Articles 108-114 HCS provide for various sanctions and penalties for violations of obligations deriving from the HCS (see also article 6(1) OMM). Specifically, article 109(1)(m) HCS identifies the failure to comply with stockholding obligations where they involve a severe alteration of the minimum stocks scheme as a ‘very serious offense’ (see also article 110(j) HCS). Depending on the seriousness of a given violation, the HCS provides for financial penalties ranging from a maximum of 30 000 000 EUR for ‘very serious offenses’ to fines of up to 600 000 EUR for ‘minor offenses’ (article 113(1)(a-c) HCS). Additionally, the Spanish Ministry for the Ecological Transition and the Demographic Challenge may impose periodic penalty payments for as long as a given violation is ongoing. These penalty payments may be imposed at a daily rate and may range from 100 to 10 000 EUR (article 114 HCS).


European Union

As a Member State of the European Union, Council Directive 2009/119/EC obliges Spain to maintain a minimum volume of emergency oil stocks corresponding to 90 days of average daily net imports or 61 days of average daily inland consumption, whichever of the two quantities is greater. The Directive also imposes strict requirements concerning the composition and location of the emergency oil stocks, so as to guarantee their availability and accessibility in case of need, among other provisions.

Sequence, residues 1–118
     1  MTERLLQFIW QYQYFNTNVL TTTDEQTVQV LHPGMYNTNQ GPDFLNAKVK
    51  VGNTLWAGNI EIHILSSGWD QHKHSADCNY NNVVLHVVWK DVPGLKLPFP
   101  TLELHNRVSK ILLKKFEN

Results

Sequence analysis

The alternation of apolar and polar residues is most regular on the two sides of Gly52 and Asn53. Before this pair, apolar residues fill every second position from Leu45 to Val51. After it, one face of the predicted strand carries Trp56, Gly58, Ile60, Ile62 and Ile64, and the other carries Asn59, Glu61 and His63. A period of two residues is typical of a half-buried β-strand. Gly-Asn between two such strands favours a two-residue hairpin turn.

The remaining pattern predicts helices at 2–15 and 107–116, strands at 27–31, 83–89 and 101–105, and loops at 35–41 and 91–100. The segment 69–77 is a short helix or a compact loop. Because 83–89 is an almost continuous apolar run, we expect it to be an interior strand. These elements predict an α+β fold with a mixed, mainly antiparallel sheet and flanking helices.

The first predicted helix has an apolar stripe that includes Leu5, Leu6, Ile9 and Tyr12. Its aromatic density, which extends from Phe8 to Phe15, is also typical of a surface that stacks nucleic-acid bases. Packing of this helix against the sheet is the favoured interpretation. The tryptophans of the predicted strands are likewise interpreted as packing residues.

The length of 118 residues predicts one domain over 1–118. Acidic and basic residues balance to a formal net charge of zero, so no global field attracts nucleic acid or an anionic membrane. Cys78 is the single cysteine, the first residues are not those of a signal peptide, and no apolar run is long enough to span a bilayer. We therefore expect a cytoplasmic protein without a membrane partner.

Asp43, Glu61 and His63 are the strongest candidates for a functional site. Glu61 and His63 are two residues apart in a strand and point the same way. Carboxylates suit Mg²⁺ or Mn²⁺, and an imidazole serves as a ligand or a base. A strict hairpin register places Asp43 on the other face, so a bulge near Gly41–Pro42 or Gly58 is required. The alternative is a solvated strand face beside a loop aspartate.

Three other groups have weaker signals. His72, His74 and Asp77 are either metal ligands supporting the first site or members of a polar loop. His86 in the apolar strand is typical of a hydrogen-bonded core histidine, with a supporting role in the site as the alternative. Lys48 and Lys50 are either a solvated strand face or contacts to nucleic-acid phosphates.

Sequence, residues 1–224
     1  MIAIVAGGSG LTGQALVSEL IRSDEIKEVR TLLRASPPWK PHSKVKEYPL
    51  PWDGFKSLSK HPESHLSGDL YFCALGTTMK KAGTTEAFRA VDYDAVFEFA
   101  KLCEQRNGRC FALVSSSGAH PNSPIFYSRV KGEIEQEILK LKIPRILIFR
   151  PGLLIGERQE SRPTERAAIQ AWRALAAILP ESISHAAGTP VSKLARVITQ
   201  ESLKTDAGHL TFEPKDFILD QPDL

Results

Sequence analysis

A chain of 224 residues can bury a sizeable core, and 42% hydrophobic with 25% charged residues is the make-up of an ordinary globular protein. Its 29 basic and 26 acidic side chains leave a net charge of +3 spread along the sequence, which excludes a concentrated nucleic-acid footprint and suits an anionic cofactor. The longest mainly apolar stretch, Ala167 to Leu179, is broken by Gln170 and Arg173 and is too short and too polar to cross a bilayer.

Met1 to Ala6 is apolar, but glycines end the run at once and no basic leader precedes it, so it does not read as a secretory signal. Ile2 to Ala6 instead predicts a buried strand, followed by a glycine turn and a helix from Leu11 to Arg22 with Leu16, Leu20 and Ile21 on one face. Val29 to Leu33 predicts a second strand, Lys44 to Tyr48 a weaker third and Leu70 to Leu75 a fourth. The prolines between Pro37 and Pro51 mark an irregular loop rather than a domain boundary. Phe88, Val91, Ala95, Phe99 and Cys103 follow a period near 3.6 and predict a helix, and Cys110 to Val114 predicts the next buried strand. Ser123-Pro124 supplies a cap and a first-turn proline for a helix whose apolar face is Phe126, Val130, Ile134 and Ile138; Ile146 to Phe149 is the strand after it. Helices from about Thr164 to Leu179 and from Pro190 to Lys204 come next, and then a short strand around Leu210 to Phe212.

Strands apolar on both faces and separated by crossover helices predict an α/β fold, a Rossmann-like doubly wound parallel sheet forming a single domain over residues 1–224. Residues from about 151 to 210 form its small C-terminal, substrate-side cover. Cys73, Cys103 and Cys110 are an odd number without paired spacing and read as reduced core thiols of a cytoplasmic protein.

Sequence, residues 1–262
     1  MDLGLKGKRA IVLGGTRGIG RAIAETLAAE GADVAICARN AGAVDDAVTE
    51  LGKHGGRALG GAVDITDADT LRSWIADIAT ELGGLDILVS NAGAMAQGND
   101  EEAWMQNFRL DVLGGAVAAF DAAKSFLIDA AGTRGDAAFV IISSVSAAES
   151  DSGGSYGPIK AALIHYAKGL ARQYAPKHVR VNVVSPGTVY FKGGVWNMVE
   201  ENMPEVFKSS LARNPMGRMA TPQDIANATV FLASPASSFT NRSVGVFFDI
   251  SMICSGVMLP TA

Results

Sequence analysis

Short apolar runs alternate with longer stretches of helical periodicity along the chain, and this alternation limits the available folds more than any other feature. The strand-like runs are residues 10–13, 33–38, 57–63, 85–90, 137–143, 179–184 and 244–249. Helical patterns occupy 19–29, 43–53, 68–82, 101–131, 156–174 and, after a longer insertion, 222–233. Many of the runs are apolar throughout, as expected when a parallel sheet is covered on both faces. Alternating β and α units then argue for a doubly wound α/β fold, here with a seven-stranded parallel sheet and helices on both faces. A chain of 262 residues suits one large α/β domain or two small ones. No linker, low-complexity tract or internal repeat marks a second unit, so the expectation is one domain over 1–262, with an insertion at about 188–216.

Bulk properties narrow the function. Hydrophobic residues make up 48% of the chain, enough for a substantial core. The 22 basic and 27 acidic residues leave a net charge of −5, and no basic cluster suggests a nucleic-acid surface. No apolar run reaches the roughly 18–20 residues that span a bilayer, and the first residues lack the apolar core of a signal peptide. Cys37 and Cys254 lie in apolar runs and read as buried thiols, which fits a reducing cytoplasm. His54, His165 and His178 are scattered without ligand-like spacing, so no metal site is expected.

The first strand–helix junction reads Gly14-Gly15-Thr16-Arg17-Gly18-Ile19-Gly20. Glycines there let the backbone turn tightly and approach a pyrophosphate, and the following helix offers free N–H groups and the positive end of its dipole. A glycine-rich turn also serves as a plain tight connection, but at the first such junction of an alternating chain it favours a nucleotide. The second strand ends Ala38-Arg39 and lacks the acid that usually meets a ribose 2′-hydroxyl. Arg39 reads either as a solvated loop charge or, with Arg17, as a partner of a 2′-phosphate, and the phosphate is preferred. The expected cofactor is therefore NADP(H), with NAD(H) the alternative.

Spain’s compliance with the provisions of the directive is monitored and enforced by the European Commission. If a Member State is deemed not to be compliant with the EU Directive, the Commission might decide to initiate an infringement procedure, which might ultimately lead to refer the case to the Court of Justice of the European Union (articles 258-259, Treaty on the Functioning of the European Union).



As a Member of the IEA, Spain is obliged, pursuant to article 2 of the International Energy Programme (IEP), to maintain oil reserves equal to 90 days of net imports of the previous year. IEA members are obliged to submit information concerning their emergency measures to the IEA secretariat (article 32 IEP) on a continuous basis and the IEA monitors Member States’ compliance with the IEP. The Spanish OMM also stipulates that Spain must immediately inform the IEA in case Spain releases emergency stocks (article 39(1) OMM).